The Appalachian National Scenic Trail, also simply called the Appalachian Trail, is one of the longest and most famous trails in the U.S. It’s found in the Eastern United States, and extends about 2,200 miles between Georgia and Maine, making it the longest hiking-only trail in the world.
More than 2 million people hike on at least part of the trail each year. With a trail so popular, it’s understandable if you’re hoping to hit the trail for the first time. Like most things, though, it may take some practice.
Here are some tips if you’re new to the Appalachian Trail, and are hoping to conquer it.
Although about 3,000 people a year try to complete the entire trail in a single year, this isn’t a feasible starting point. It is best to start with shorter, less taxing trails first. Start working toward longer, more difficult trails, until eventually working your way up to being able to complete the Appalachian Trail in its entirety.
Do Your Homework
Make sure that you take the time to research the trail you want to visit, learning the exact location, length, and difficulty level. Knowing the start and end points, plus any side trails, obstacles, and difficulties can help you plan your hike based on your skill and experience level.
Without knowing what you’re getting into, you could be jumping into a potentially hazardous situation, risking getting lost, or having a bad hiking experience.
This might be one of the most important tips you could receive about hiking. Especially if you’ll be hiking in warm weather, you should pay careful attention to staying hydrated. Remember that the average human can use a quart of water per hour on a hot day.
If you’re doing a multi-day hike, bring iodine pills or a water purifying device to get rid of bacteria that may be present in water. You can also boil water, but you have to make sure that you have plenty of fuel, because water should be at a rolling boil for at least one minute.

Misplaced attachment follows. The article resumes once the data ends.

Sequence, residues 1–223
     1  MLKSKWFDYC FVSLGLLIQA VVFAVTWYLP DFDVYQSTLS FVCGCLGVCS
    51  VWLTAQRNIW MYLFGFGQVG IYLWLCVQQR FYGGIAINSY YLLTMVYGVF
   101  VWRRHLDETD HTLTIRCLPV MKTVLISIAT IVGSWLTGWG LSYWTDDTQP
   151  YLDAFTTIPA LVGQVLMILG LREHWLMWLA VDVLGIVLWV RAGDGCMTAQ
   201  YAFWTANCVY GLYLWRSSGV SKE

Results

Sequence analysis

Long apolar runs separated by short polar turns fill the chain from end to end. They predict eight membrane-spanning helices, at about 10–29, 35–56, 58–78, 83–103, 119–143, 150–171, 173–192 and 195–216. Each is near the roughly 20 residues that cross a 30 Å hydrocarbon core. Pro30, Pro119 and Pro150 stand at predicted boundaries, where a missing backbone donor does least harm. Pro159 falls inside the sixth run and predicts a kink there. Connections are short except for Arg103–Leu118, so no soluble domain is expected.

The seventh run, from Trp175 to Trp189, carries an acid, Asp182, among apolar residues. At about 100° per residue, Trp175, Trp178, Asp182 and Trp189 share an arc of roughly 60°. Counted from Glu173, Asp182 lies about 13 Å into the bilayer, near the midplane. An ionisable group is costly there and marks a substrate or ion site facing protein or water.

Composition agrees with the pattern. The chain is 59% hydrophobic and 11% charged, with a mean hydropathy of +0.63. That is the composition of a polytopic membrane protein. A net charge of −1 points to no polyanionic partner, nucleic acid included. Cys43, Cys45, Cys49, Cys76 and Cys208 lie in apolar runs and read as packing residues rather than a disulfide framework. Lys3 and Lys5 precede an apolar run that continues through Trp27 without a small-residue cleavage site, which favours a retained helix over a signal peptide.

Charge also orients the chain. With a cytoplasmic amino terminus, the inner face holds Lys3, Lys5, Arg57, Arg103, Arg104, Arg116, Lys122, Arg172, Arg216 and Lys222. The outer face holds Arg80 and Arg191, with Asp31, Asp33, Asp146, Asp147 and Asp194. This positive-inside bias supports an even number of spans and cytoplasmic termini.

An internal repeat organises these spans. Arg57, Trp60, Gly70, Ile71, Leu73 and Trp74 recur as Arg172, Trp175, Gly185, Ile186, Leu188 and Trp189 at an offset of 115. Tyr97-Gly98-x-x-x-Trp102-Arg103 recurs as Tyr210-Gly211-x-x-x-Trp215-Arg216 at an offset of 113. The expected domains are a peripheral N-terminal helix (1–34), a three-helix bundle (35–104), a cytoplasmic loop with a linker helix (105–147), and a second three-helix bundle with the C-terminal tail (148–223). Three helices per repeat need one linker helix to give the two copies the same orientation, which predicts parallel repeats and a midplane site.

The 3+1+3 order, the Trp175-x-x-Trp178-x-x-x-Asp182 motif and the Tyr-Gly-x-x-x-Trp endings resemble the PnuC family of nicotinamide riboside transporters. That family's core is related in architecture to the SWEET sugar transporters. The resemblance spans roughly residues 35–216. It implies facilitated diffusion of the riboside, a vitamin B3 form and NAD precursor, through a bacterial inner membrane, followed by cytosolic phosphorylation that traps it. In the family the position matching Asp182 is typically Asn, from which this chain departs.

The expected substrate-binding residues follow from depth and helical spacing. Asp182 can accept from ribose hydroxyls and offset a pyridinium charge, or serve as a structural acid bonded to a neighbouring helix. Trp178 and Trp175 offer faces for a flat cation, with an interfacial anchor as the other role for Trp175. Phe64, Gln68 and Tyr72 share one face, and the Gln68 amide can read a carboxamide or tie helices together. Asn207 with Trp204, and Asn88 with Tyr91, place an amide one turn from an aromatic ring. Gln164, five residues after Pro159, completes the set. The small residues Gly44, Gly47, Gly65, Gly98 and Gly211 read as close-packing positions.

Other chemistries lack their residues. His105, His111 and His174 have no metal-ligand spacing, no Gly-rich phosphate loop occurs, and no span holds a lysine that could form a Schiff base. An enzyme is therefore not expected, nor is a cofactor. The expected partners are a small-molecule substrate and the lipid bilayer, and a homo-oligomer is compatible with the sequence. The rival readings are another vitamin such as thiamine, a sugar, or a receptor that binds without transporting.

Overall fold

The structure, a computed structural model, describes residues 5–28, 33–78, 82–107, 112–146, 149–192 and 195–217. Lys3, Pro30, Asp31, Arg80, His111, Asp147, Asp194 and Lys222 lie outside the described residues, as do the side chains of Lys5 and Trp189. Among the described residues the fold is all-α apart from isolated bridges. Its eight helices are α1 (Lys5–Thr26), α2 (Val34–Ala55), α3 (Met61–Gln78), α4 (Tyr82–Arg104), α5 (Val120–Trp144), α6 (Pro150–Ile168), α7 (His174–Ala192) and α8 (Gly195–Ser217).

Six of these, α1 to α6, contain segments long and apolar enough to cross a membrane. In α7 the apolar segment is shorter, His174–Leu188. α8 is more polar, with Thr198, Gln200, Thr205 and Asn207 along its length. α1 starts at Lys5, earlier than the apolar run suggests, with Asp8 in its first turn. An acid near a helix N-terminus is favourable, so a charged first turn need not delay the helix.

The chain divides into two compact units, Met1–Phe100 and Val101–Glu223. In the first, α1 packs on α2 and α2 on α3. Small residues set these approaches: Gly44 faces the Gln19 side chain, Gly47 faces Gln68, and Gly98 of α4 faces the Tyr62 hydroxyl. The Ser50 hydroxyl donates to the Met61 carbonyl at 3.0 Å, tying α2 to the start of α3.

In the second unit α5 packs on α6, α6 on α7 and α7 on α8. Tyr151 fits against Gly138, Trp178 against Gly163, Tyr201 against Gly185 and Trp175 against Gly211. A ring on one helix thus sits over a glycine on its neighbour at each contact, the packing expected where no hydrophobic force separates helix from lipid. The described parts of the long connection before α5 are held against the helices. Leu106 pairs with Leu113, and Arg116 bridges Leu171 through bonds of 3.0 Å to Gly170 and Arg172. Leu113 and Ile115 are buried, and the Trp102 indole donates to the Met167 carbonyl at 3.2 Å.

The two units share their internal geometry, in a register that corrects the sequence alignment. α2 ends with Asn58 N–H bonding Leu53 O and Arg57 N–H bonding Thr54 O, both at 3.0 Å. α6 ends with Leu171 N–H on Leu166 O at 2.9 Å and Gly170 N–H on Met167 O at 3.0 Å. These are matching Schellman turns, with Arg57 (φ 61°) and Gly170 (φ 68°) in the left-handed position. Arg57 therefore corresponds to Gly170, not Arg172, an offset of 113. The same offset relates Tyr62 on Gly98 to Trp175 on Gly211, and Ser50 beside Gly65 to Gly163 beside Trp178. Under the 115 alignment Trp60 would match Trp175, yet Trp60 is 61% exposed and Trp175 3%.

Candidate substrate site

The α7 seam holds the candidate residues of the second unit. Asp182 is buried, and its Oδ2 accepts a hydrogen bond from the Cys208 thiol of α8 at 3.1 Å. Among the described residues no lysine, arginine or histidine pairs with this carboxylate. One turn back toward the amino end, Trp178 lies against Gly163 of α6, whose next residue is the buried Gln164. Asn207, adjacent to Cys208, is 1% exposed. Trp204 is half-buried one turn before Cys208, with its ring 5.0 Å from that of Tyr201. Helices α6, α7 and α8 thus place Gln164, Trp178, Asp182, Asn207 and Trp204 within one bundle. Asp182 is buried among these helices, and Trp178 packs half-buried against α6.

Keep Pests at Bay
Mosquitos, fleas, and ticks might be annoying, but they can also pose health risks. Mosquitos can carry diseases such as Zika virus, West Nile virus, Chikungunya virus, dengue, or malaria. Fleas can also carry diseases, like typhus, but can also carry something else: tapeworms.
Tick-borne diseases include Lyme disease, anaplasmosis, and rocky mountain spotted fever, among many others. Take the time to douse yourself in bug repellent, and also check yourself for ticks after a hike.
Keep Pets on a Leash
Your furry, four-legged friends are more than welcome in the park, as long as their on a leash. Leashes can protect wildlife and other hikers from pets, but more importantly, a leash can protect our furry friends from wildlife creatures like coyotes, raccoons, and snakes.
Don’t Share With Wildlife
Everyone should bring snacks to help keep themselves going, but it’s important to follow the park’s “Leave no Trace” policy. Pick up any leftover food and trash, and never leave any food out for wildlife to consume. Leaving out food will attract wild animals to the area.
Wildlife will otherwise leave people alone. In case that’s not enough of a reason for you to not leave food and food trash behind, you should also know that it’s illegal to feed wildlife.